To Script or Not To Script?

That isn’t really even a question. I’ve been told I should be speaking from notes. I previously noted that I did not manage that trick during my last concert MC job. Then, I realized I had done an entire half-hour radio broadcast of my love songs, since my come-to-Jesus moment with my friends, sans script. Not even the opening, and I have been scripting the openings of my live broadcasts since I was 14. Who says you can’t teach an old dog new tricks. As we used to say in the old days, Honk Honk, Waddles The Goose.

Mom Said: Jesus in India

I ended up talking a lot about my late mother at a dinner recently, and one of the people at the table suggested that I write her biography. I don’t think I can do it; I’m too close. But I have decided to share some of her wisdom with you under the rubric Mom Said.

Mom believed, because her father believed, that Jesus’ lost years between 13 and 21 (the New Testament says nothing about this period) were spent in India, learning about Hinduism.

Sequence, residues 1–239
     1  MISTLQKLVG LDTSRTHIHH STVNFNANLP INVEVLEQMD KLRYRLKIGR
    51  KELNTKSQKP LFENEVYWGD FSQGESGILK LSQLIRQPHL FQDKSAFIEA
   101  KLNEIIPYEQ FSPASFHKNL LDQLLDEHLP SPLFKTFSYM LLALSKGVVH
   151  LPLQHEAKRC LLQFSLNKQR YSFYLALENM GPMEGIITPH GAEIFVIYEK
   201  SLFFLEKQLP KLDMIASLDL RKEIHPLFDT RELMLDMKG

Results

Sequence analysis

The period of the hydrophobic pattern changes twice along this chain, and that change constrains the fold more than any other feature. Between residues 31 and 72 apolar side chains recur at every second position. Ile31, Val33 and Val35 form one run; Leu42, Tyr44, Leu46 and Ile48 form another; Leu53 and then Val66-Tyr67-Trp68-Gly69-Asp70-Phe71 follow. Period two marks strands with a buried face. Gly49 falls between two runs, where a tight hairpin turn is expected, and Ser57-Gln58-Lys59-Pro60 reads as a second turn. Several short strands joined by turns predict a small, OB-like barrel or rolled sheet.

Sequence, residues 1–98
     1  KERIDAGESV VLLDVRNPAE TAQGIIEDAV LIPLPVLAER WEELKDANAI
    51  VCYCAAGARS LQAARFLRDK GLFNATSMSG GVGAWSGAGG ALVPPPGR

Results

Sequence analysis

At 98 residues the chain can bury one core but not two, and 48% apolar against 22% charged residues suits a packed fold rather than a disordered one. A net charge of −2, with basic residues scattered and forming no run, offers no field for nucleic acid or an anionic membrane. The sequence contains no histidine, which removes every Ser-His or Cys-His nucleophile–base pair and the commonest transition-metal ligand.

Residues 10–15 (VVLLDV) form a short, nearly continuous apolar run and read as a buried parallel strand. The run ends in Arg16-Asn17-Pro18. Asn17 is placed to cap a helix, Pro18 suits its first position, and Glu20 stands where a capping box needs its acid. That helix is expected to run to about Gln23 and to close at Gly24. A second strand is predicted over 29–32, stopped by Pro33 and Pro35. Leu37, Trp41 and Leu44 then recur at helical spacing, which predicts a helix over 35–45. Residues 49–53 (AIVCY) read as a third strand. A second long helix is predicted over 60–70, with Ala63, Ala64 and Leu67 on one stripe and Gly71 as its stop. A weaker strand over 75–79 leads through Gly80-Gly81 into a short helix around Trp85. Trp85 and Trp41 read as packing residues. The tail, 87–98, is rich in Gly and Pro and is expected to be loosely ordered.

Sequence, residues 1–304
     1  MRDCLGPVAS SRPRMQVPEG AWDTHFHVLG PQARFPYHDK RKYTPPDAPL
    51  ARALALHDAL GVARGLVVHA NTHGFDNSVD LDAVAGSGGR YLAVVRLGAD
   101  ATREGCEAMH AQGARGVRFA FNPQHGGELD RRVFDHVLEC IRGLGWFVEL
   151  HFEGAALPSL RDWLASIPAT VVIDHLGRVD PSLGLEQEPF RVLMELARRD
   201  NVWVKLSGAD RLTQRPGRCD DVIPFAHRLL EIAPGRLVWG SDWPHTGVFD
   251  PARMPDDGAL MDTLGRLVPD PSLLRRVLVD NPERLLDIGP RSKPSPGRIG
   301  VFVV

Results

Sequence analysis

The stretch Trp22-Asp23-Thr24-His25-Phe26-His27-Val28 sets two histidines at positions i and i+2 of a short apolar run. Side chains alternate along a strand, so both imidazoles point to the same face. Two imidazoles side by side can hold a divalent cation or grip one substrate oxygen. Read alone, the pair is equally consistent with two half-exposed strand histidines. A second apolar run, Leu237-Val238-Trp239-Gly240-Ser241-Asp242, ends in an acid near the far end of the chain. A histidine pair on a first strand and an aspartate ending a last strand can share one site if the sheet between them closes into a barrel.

During a recent discussion a friend suggested that Jesus spent those years in the desert getting in touch with the collective unconscious. Occam’s razor says the simpler explanation is much more likely; given the difficulty in getting from the Holy Land to India, maybe what we view as a Hindu influence on Jesus was just expression of fundamental human nature.

In a discussion of this topic, a Jungian surprised me with an influence going the other way: Gandhi disciplined himself to read daily from the Sermon on the Mount, and live according to those teachings.


The Meaning of Life

[a reprint from June 2002, when my mother was still alive]

[Turns out you don’t need a manual; just live every day showing loving kindness to other beings. It works for me. This is the best moment of my life. Now this is. Now this is.]

No, not the Monty Python film (one of their best, by the way), but thoughts on the subject. First, from a novel my mother is reading: